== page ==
Starting a restaurant in Los Angeles has its own set of legal considerations, which are specific both to the State of California and to the restaurant industry. The person must undertake the following steps:
- Create a business plan
- Choose the proper business entity
- Obtain proper state and county licenses and permits
- Deal with state and county health and safety regulations
- Getting adequate insurance
- Reviewing franchising issues
- Deal with employees
Creating a Business Plan
Before seriously pursuing a new restaurant in Los Angeles, you will need a specific thought-out business plan. This can include:
- The name
- The overall concept of the restaurant
- A solid financial plan
- Startup costs
- Your target market
- Advertising strategies
Choosing the Proper Business Entity
The type of business entity you choose for starting your restaurant in Los Angeles will affect your amount of personal liability and tax obligations. Actually, there are four basic types of business formations:
- Sole proprietorship
- Limited Liability Company
Each type of these business formations has different requirements, tax implications costs, and levels of liability.
Obtaining Licenses and Permits
Under California law, a restaurant owner must obtain the following:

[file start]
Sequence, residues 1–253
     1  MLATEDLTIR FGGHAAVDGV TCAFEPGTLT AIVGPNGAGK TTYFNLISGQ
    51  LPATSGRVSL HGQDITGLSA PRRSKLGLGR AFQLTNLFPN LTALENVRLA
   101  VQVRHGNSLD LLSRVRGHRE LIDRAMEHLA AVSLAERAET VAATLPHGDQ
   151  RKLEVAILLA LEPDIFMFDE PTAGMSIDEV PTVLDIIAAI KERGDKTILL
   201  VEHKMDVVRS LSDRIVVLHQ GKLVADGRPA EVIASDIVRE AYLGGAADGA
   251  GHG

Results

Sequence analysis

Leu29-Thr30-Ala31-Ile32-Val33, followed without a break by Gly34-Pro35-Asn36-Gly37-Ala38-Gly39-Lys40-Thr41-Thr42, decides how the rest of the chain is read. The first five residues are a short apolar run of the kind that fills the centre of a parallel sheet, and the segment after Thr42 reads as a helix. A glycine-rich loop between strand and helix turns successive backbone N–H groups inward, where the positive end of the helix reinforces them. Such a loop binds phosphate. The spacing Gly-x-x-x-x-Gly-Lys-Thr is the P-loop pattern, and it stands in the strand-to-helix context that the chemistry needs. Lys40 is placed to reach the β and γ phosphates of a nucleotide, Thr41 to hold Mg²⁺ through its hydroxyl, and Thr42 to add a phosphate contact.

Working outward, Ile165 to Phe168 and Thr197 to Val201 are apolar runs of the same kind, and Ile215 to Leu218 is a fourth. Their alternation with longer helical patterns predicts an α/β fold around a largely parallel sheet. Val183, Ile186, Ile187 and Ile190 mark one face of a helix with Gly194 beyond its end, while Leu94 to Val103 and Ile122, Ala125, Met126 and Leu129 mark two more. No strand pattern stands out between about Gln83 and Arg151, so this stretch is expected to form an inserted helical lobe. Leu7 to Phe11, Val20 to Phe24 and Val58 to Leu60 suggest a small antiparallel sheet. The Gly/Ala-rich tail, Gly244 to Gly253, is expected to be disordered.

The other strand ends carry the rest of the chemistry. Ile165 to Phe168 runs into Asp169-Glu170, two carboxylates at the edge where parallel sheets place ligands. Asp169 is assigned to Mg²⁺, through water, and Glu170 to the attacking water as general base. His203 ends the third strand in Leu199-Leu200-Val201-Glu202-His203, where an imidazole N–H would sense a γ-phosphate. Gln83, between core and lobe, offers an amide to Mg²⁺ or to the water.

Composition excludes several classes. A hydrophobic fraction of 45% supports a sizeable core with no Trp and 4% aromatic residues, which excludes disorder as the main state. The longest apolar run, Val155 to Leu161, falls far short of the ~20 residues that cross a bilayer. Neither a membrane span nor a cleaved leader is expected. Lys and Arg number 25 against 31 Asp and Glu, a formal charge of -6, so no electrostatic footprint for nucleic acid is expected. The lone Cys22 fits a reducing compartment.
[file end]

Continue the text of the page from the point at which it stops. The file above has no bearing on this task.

- IRS identification number: Restaurant owner is required to register with the state of California and the federal government for a Federal Employer Identification Number.
- Seller’s Permit, which is mandatory for all restaurants in California.
- Health Operational Permit: This is required for sale of edible goods, and the costs and rules vary by county.
- Workers’ Compensation Insurance: Under California law employers must have workers’ compensation insurance even if they only have one employee.
- Food Safety Certification: In California, each food facility must have at least one owner or employee who has passed a state-approved Food Safety Certification exam.
- Food handler permit: California law requires all employees that handle food must have a permit to do so.
- In case a restaurant owner intends to serve alcohol in his restaurant, he will also need to obtain a liquor license, handled by California Department of Alcoholic Beverage Control.
Obtaining Adequate Insurance
There are numerous risks associated with opening a restaurant in Los Angeles, such as employees or customers falling or slipping, someone getting hurt from broken glass or hot liquid etc. There are also more common business risks such as theft, fire or other personal injury or property damage. While choosing proper insurance coverage for you restaurant try to make sure that everything, from plates to stoves, is fully covered. In case of personal injuries, make sure to have a good general liability policy.
If you are thinking of opening a restaurant that is a part of a franchise you will be subject to a franchise contract which will likely give the franchisor rights to:
- Choose where other competing restaurants will be located
- Choose the geographic location for dispute resolution
- Block sale of your franchise to any prospective buyers
- Require you to purchase all services and goods and from the franchisor.
There are some particular employment laws that are specifically relevant to restaurants, such as minimum wages for tipped employees or rules regarding different exams and training related to food preparation and handling. Various testing and training rules can be found in in Chapter 3 of the California Retail Food Code.